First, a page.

When I was a child my parents told me about this man named Santa Claus. Santa Claus, if you have never heard a similar tale, is allegedly this ageless guy who lives at the North Pole. Every Christmas he travels around the world in his magic sleigh pulled by reindeer, and somehow defies the passage of time by visiting the household of every child to deliver gifts. (Or at least the household of every nice child—naughty children got nothing, as my parents repeatedly warned me every time I acted “out of line.”)
Despite the ridiculous nature of the story, even to the pre-school version of me, I decided to believe it, to take their word for it—after all, why would my parents lie? Didn’t they have my best interests at heart? Didn’t they themselves repeatedly tell me that lying was “wrong,” was one of the Deadly Sins that would make Santa Claus skip my chimney come Christmas? Then, when I reached a certain age and confronted them about it, I found out that (as many of you have already discovered) the whole thing was a lie. The toys I opened on Christmas morn weren’t made by elves at the North Pole, they were made by poorly-paid laborers and purchased at local department stores. That day marked the beginning of my descent into paranoia.
Nobody really thinks about the whole Santa Claus phenomenon much. As a child, when you find out the truth you must still allow your younger siblings or cousins to find out on their own or risk getting in trouble—when the authorities lie, telling the truth is a crime. Then they grow up and tell their own kids about the fat man in the red suit without really thinking about why they’re doing it or what the implications are. Perhaps some clever students of sociology explain it as that culture’s particular rite of passage, initiation into the inner perimeter of adult society.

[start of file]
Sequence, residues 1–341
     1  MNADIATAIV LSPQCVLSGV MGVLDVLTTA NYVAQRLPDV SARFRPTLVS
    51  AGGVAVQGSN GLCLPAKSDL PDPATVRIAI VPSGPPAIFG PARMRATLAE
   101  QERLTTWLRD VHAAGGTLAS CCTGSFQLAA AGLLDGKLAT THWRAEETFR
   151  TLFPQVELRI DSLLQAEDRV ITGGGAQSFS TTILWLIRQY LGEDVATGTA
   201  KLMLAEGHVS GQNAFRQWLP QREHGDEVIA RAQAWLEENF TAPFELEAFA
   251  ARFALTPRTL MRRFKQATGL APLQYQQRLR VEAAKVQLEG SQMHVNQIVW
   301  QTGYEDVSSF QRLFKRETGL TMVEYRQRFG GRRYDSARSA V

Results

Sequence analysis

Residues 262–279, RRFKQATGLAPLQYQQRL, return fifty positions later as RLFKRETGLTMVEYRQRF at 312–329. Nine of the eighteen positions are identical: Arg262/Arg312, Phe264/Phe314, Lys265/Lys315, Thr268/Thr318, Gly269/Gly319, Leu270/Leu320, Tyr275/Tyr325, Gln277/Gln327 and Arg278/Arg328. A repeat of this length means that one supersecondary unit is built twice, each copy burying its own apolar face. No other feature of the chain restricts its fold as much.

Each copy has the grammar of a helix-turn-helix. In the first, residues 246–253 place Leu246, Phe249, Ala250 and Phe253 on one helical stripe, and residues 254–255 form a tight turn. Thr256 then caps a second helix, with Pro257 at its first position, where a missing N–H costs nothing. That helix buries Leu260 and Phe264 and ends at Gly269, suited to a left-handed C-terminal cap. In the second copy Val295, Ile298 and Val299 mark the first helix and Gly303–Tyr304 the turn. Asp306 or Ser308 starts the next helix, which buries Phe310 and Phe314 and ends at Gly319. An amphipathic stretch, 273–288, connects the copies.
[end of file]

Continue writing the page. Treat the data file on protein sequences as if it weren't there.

I like to look at it as a conspiracy. Ever since my Santa Claus illusions were shattered I have been very mistrustful of whatever “authority” figures tell me the truth is, knowing that they could be lying to me FOR ABSOLUTELY NO GOOD REASON. Conspiracies can exist without any of the members involved even being conscious that they are part of any conspiracy. The sad fact about conspiracies is that they do not need to be driven by some Power Elite sitting in a room somewhere puffing on cigars and planning which democratically-elected official to assassinate next, which Manchurian Candidate Lone Gunman to activate, which buildings to fly planes into. Conspiracies can just happen, arise out of social forces no one really understands. This is the lesson of the Santa Claus conspiracy.
But there are of course more lessons to be drawn from this. Those who scoff at conspiracy theories often pull out the line “How could you manage a conspiracy that large? It’s simply impossible!” Yet no conspiracy to kill Kennedy or conceal alien contact or get Bush elected has ever been postulated to be as large as the Santa Claus conspiracy actually IS: almost every adult and many children over the age of eight in North America alone. How does a conspiracy so large manage to operate? How can there still be small children to this day who are deceived, who believe in Santa Claus? The answer is simple: control of information. Any information a child runs into that denies the existence of Santa Claus is dismissed by the authorities he or she goes to to verify it. Famously, the Saturday Evening Post once told a small girl the bald-faced lie: “Yes, Virginia…” Older children who discover the truth either become co-conspirators or keep their mouth shut, out of fear of retribution for leaking the truth.
And of course, maybe the real conspiracy is that there IS a Santa Claus after all. Looking up in the sky once as a child I thought I saw his sled as it was pulled by the reindeer. The problem with paranoia is that it allows no verified truth to stand. Rather like the scientific method which can never completely prove a theory, merely disprove it, paranoia is a tool for deconstructing old realities but very poor for building new realities to replace them. Who can you believe?